Professional Bio - One Sentence Description 

Have a one-liner (single sentence) version of your professional bio ready for situations where you have a limited character count, like your Twitter bio, or the ‘headline’ section on your LinkedIn profile (the short sentence that appears directly below your name). 

For a one sentence description, you have a few options. You can keep it simple and use your job title and place you work (ex. “CEO and Founder, Company Name”), or you can write your one liner so that it articulates the value you provide for people (ex. “Helping B2B companies generate sales leads”). 

Professional Bio - Longer Description

Create a longer version of your professional bio for situations where you have a higher character count to work with, and where you can share more about yourself, what you do, and how you can help people. Examples of situations where longer bios come in handy include your website (see portfolio website section below) and your LinkedIn profile.

Long form professional bios typically take the form of 1-3 paragraphs that tell the story of what you do today, what you’ve done professionally and in academia that speak to your credibility, and cover professional highlights and skills. You can also take the opportunity to include a few personal tidbits, like hobbies, volunteer work, or demographic information about where you’re from and your family. 

Consider common character and word counts for your long form bio when drafting it. For example, many websites ask for a 100 word or 500 character bio, so writing to common length specs can save editing time down the road. 

Professional Bio - 30 Second Elevator Pitch / Intro

Professional bios aren’t just written. Situations like job interviews, introductions when you first meet someone, introductions in business meetings, and introductions in video interviews and speaking opportunities all require you to be able to articulate who you are concisely. Having a quick elevator pitch planned for yourself will ensure you take advantage of these situations and help people understand who you are and what you do. 

Be sure to include your name, where you currently work or what you are currently working on, and the field you work in or past expertise to demonstrate your industry thought leadership. Given that these introductions are verbal and a bit less formal in some cases, you can also inject humor or a personal tidbit into your elevator pitch to lower people’s guard and make the tone of the conversation less rigid.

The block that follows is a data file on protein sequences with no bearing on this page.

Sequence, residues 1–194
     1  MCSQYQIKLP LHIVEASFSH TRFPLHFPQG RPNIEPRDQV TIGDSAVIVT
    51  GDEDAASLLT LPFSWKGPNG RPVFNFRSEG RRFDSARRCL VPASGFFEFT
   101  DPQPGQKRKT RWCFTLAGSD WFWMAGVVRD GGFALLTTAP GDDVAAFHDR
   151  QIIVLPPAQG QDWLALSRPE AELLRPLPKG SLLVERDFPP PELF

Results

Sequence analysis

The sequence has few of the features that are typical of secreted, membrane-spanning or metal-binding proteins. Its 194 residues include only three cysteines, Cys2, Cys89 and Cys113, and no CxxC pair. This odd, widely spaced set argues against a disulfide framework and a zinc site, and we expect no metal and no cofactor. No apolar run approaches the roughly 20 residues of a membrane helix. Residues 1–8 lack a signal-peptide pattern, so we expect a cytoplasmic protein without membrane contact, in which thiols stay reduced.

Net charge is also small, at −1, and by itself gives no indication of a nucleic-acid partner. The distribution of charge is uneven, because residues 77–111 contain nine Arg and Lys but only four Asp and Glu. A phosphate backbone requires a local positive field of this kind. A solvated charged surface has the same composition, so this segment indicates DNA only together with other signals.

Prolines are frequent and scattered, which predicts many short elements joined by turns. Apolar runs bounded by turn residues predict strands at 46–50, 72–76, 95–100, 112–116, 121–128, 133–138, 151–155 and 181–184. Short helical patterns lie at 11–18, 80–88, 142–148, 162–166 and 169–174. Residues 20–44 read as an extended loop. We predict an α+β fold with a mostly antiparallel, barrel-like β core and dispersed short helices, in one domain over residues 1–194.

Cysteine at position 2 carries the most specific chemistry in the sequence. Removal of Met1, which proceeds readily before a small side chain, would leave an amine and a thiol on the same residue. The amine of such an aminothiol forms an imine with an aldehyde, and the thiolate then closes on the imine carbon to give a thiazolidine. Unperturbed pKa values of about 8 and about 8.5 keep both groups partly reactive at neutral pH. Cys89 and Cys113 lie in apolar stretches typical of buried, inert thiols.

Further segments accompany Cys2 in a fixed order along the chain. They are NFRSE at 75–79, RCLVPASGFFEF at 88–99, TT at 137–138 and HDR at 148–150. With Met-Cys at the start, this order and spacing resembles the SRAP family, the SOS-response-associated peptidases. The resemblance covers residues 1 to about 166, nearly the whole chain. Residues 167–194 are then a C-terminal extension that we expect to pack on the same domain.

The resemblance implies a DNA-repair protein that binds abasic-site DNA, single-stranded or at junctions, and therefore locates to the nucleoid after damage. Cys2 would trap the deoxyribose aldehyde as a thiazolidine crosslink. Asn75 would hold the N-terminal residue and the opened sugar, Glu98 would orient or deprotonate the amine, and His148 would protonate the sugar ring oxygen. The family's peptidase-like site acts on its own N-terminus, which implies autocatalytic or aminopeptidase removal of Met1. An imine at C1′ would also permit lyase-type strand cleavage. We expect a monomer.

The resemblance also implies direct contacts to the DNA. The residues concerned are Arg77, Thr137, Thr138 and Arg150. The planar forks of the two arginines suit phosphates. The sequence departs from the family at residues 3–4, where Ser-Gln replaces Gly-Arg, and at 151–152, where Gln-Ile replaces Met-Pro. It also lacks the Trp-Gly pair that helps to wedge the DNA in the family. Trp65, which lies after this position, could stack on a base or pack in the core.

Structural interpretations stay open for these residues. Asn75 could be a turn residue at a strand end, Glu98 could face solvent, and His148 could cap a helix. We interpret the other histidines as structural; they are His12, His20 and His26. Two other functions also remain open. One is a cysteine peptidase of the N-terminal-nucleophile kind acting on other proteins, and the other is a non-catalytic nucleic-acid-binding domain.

Elements to Include in a Professional Bio

  • Current job, occupation , or what you are currently working on (ex. Starting a company)
  • Education (if applicable)
  • Professional experience overview - where you’ve worked previously 
  • Key accomplishments - make these tangible / quantifiable - ex. Generated x amount of revenue, x amount of customers, won x amount of awards, etc. 
  • Skills - List the skills and attributes that make you unique and have contributed to your success
  • Interests and hobbies - Professional bios often include a mention of hobbies or interests to give them a personal touch 
  • Volunteer work 

Related: Personal Branding for Job Seekers - Developing a Personal Brand for Your Job Search

3. A Professional Headshot

When your bio for platforms like Twitter and LinkedIn is limited by a character count, a picture saying a thousand words represents a personal branding opportunity. Professional headshots can put a face to the name (and content) for someone working on building their personal brand. When it comes to personal branding tips, a professional headshot is an often overlooked, but critical asset to have in your arsenal.

Headshots present an opportunity to visually communicate who you are, your style, things you like, and any other visual information you’d like to communicate with your headshot. Including a headshot on your social media profiles can increase the likelihood that people will follow you and engage with your content, as they feel more connected to who they are interacting with vs. a blank image, or Twitter’s default egg profile image that it assigns to profiles without a custom image. 

Not only can you use your headshot on your social media profiles, you can include it on our website alongside your bio, and provide it to bloggers and media outlets if you are ever featured in an article, podcast, or video interview.

Professional Headshot Tips

  • Consider the platform - You may want to have a more formal headshot with business attire on a platform like LinkedIn, whereas a platform like Instagram or Pinterest is an opportunity to show more of your personal style and fun side. 
  • Make the elements of your personal brand match your headshot - For example, if you are a lawyer, you may want a more formal headshot wearing a button up shirt and a jacket to align with the more serious nature of the law content you share on your LinkedIn and Twitter. For a designer with a minimalist style, you might go with simple, classic classic attire in your headshot and use a black and white version on your social profiles to match your design aesthetic. 
  • If you’ve established colors for your personal brand, consider wearing a shirt in that color or have another clothing element match your brand color. This can be a subtle way to match the visual style you’ve established for your brand in other places, like a logo, social graphics, or social media profile cover images.